Helitack crew member says firefighting holds diverse challenges, fond memories

Wyoming News Exchange

By Cody Cottier 

Jackson Hole News&Guide

Via Wyoming News Exchange


JACKSON — You’ve never seen a tree quite like the one inked onto Evan Guzik’s right forearm.

Peeking out from the sleeve of his frayed Nomex shirt is an imagined blend of two pines and a fir: ponderosa, lodgepole and Douglas — all trees he knows well, after years spent battling fires among forests of them.

Guzik, 35, is a member of the Teton Interagency Helitack Crew, and wears his long blonde hair tied back under a well-worn ball cap that says so. He’s one of the 1,500-plus firefighters who spent the past two weeks fending off infernos in western Wyoming. Playing many parts, he flew in on the initial attack team at the Marten Creek Fire in mid-September and has since become its public information officer.

“Sometimes you’re just the guy holding the chainsaw,” Guzik said, “and sometimes you get to make decisions.”

The Helitack crew performs search and rescues, flies weather stations to mountaintops and counts elk herds, but its main purpose is to support wildfire operations. Guzik relishes the job’s variety, both in duties and locations. It’s allowed him to work in “every state west of Montana,” minus Colorado.

After a childhood “Griswold family vacation,” the Indiana native grew up obsessed with the West and headed that way as soon as he finished six years in the Marines. First came a move to Washington, then a stint as a pastry chef in Montana.

Since Guzik joined the U.S. Forest Service in Pinedale and then the Helitack Crew in Jackson, the elevation has made baking a bit of a challenge (Bisquick’s instructions for altitude stop short of 6,000 feet), so Guzik’s culinary flair has translated into preparing home-cooked meals with his girlfriend whenever possible.

But such opportunities are hard to come by when he’s tending to a wildfire for 14 days straight, especially if he finishes his fortnight shift only to be roped into a search-and-rescue mission upon returning home.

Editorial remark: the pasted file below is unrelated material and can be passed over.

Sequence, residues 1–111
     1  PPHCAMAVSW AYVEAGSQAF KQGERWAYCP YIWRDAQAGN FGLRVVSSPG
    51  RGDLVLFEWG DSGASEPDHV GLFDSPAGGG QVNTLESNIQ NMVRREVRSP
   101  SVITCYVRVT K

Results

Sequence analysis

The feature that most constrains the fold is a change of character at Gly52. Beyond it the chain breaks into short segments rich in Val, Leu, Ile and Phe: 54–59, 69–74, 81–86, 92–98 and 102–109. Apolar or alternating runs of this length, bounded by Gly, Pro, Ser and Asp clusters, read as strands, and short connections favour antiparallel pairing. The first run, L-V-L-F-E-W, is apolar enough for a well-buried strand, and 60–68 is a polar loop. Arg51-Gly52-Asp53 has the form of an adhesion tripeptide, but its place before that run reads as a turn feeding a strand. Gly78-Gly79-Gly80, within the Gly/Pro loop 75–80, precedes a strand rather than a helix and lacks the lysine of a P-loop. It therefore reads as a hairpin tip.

“There’s a lot of dinners that turn into leftovers,” he said. “It’s definitely harder on the people around us than it is on us.”

For Guzik, another of those people is his 6-year-old son, Rhys, named with the traditional Welsh spelling. Above the roots of his tattooed tree, Guzik wears a lowercase r.g.

He’d like more time with Rhys. He’d like more time with his girlfriend. He’d like more time for “your usual Jackson things” — hiking, camping, fishing, floating. Guzik considers easing away from fire response operations for something more flexible and forgiving.

He plans to stick to his general career path, though. Maybe fuels management — removing combustible vegetation from forest land — or maybe the public information side of things. Guzik believes in the importance of this line of work, in all its forms.

“Having a job that actually has a purpose, and that there’s a need for in your community, is nice,” he said. “I think it’s good to be proud of what you do.”

And despite the strain it’s put on his personal life, Guzik’s job has been good to him. From the Tetons to the Wyoming Range, where Marten Creek recently flared up, he spends his days roaming some of the most beautiful land on Earth.

Even when that land is ablaze with the hellish fury of a raging wildfire, it’s given him many of his fondest memories — “the times you’re cursing and moaning and complaining for four days.”

He recalled one “disgusting and brutal” night on the initial attack of a fire north of Boise, Idaho. He and his team hiked in just after a heavy rain that boosted the humidity to torturous levels in 90-degree weather.

Soaked to the bone, Guzik hefted a chainsaw up steep slopes, cutting a fire line through thick brush jutting out at his face. He remembers “yelling at my saw, yelling at the trees … yelling at everything.”

But when the misery ended, after they finished slogging up the hill after 2 a.m., he realized they were 100 miles away from city lights during a meteor shower. Deep in the wilderness, he watched the night sky.

“You could almost hear all the meteors going through,” he said. “It’s just one of those few places you doubt anyone’s ever been, and if they have it was 50 years ago, and it’ll be 50 years until someone goes in again.”

Usually, though, there’s little time for such reflections on the spot. These insights come later, once the fire is dead and the ashes cooling.

“In the moment,” Guzik said, “you’re just trying to get the mission accomplished.”


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